neuronal, astroglial and microglial cells of the nervous system.  Also, the  
National Cancer Institute has an evolving interest in the application of 
pluripotent stem cell technologies to cancer therapy and the understanding of 
the etiology of malignant disease. 



Stem cell research offers enormous potential for treating devastating 
malignant and non-malignant diseases.  Recently, a number of groups have 
reported that stem cells derived from adults may be capable of surprising 
plasticity or versatility.  Investigators reported that after bone marrow 
transplantation, donor-derived cells could be found in non-hematopoietic 
tissues.  These tissues included astroglia in the central nervous system, 
skeletal muscle, liver oval cells, cardiomyocytes, vascular-endothelial cells, 
and bone forming osteoblasts.  In addition, bone marrow stromal cells from 
rats and humans can apparently give rise to large numbers of cells with 
neuronal properties under specific culture conditions.  Also, muscle derived 
material was reported to display hematopoietic activity.  In these studies, 
diagnostic cell surface markers have shown the reconstitution of both myeloid 
and lymphoid cell lineages after transplantation.  Neuronal cells have also 
been reported to give rise to progenitors of all blood lineages and to 
demonstrate myogenic potential.  Thus, increasing evidence suggests that adult 
cells could have far greater differentiative plasticity even at advanced 
stages of their differentiation programs than previously thought.  The 
plasticity concept resembles the documented phenomenon known as 
transdifferentiation.  However, the extent to which the transdifferentiation 
principle can be generalized to current findings is unknown.

Findings such as those described above raise many unanswered and intriguing 
questions regarding the biology of stem cells and the routes they take to 
express their differentiation potential.  This RFA is developed to encourage 
research to substantiate stem cell plasticity and to characterize cellular, 
molecular, and genetic mechanisms that allow cells to express plasticity.   

The National Heart, Lung, and Blood Institute sponsored a meeting entitled, 
"Working Group on Stem Cell Plasticity" in March, 2000 to assess the state-of-
science in this area. The final report is located at  

For the purpose of this announcement, plasticity is defined to mean either (1) 
non-hematopoietic lineage potential in hematopoietic stem cells or
(2) hematopoietic potential in stem cells of other systems.  It is 
acknowledged that cells from different tissue sources may have different 
potentials.  Rigorous studies which establish and address the breadth of 
plasticity and its physiological relevance, and the molecular and cellular 
requirements to reveal plasticity including the identification of necessary 
stem/progenitor cell markers, timing, and microenvironmental cues, are 
important research areas to pursue.  This initiative is particularly directed 
to the use of well-defined, in vivo systems to assess stem cell plasticity, 
such as those established for the study of hematopoietic stem cells or for 
region-specific differentiation and integration into the nervous system.   In 
addition, projects exploring potential hematopoietic or neuronal repertoires 
of mesenchymal precursor cells would be directly relevant to this RFA.  
However, studies which focus on stem cell expansion or differentiation within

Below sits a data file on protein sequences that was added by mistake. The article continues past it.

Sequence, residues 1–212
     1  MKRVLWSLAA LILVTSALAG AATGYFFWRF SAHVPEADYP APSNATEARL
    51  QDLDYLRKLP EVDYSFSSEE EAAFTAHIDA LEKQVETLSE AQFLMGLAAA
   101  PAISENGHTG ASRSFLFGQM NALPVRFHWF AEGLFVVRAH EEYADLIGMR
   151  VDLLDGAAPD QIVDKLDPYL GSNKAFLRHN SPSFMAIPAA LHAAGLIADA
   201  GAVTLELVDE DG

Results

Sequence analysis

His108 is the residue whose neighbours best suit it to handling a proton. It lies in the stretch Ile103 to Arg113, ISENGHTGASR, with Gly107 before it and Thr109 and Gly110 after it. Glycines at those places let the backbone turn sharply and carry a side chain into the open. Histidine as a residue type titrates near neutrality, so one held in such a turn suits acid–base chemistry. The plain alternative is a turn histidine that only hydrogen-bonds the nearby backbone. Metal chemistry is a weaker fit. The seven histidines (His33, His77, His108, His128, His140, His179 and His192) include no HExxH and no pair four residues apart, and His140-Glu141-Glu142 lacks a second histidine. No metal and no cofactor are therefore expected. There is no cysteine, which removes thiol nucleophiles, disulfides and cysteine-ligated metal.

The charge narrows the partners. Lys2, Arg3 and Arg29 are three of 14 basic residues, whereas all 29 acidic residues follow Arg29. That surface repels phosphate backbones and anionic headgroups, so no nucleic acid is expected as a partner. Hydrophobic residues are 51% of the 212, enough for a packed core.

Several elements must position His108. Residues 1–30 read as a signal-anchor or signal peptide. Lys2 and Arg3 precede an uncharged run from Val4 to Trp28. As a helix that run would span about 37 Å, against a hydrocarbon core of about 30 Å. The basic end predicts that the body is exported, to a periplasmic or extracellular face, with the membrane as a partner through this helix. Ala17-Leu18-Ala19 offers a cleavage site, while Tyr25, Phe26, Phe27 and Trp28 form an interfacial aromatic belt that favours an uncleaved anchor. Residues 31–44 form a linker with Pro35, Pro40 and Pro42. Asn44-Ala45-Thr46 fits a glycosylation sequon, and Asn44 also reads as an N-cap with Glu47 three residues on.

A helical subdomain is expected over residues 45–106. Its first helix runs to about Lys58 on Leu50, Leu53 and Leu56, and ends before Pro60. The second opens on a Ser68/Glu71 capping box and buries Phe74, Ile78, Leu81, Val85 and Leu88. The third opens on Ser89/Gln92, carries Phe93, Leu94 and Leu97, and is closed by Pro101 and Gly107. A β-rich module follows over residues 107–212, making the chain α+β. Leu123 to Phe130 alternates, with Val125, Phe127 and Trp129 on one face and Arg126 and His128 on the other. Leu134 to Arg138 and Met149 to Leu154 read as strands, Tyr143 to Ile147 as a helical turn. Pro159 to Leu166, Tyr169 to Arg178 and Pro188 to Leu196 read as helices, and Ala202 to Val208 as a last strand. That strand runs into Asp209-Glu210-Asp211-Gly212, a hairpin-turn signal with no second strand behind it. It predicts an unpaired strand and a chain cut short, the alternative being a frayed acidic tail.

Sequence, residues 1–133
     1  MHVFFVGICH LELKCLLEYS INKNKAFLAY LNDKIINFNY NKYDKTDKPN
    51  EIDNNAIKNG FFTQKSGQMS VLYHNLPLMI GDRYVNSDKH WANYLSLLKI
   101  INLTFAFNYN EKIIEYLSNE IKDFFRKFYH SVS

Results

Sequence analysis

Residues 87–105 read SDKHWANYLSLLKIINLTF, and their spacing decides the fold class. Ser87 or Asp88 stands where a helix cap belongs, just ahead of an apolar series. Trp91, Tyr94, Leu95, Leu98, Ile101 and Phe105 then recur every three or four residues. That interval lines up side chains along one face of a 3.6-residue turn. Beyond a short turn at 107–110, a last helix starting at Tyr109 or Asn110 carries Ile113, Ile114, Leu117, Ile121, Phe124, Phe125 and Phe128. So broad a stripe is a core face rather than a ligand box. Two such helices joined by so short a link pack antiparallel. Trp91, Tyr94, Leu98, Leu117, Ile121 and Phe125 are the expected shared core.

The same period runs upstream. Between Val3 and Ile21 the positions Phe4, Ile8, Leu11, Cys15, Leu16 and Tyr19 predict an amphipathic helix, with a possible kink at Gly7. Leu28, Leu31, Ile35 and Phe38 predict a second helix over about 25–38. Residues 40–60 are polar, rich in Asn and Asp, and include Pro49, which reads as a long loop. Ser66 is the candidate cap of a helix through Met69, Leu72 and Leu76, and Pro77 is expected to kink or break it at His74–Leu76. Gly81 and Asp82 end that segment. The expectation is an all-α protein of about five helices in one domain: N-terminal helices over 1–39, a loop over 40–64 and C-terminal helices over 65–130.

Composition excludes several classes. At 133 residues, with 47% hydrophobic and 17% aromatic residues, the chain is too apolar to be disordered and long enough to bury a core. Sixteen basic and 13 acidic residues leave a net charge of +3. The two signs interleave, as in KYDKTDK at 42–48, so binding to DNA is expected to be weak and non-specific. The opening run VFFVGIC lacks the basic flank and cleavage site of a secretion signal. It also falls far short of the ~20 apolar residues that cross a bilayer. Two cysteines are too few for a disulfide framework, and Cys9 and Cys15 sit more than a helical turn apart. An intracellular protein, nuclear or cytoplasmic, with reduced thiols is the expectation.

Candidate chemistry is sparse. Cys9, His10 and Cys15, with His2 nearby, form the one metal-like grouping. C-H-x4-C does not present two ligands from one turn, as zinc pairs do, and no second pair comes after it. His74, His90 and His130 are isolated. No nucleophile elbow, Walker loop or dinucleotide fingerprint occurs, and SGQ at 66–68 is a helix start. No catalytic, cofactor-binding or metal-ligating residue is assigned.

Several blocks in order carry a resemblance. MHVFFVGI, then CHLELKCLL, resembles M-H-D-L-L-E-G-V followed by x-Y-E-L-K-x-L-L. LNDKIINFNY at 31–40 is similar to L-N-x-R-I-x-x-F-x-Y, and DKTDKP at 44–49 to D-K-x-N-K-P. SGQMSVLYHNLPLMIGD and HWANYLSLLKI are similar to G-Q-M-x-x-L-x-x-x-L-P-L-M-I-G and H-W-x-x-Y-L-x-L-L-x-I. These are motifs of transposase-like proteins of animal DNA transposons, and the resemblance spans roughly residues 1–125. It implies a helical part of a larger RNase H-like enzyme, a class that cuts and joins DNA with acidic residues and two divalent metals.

a given tissue (e.g., hematopoietic stem cell expansion with cytokines, 
signals required for differentiation of neurons from neuronal stem cells) are 
not responsive.  In addition, basic and developmental mesenchymal cell biology 
projects are not responsive to this RFA.

Examples of research needs are identified below.

o  Rigorous testing for stem cell plasticity through application of clonal 
approaches (e.g., micro-manipulation of single cells, limiting dilution 
analyses, retroviral insertion marking, etc.)

o  Determine whether individual cells with hematopoietic potential can express 
other potentials.

o  Determine whether individual cells with other potentials (muscle, CNS, 
etc.) in other sites of the body also have hematopoietic potentials.

o  Conduct comparative studies between adult somatic cells with pluripotential 
properties with the aim of defining a rigorous phenotype for somatic stem 
cells from specific tissues.  Also, comparative studies between somatic stem 
cells and embryonic stem cells to identify the extent that individual primary 
and ES cells share properties are of interest.  

o  Examine the mechanisms of trafficking, homing, engraftment, and integration 
of stem cells in the host with the emphasis on the capability of cells derived 
from one tissue to engraft into another.  

o  Develop novel approaches to manipulate transplantable cells and/or the host 
in order to facilitate production of desired cell types for stem cell 

o  Develop clinically relevant small and large animal models to make use of 
the concept of stem cell plasticity.

The above examples of research approaches are not meant to be all inclusive or 
restrictive. Prospective applicants are encouraged to develop their own ideas 
of research on which to address the goals of the RFA. 


Upon initiation of the program, sponsoring Institutes will arrange annual 
meetings to encourage the exchange of information among investigators who 
participate in this program.  In the preparation of the budget for the grant 
application, applicants should include travel funds for one meeting each year 
to be held in Bethesda, Maryland.  Applicants should also include a statement 
in the applications indicating their willingness to participate in such 

This initiative is particularly directed to the use of well-defined, in vivo 
systems to assess stem cell plasticity (for the purpose of this announcement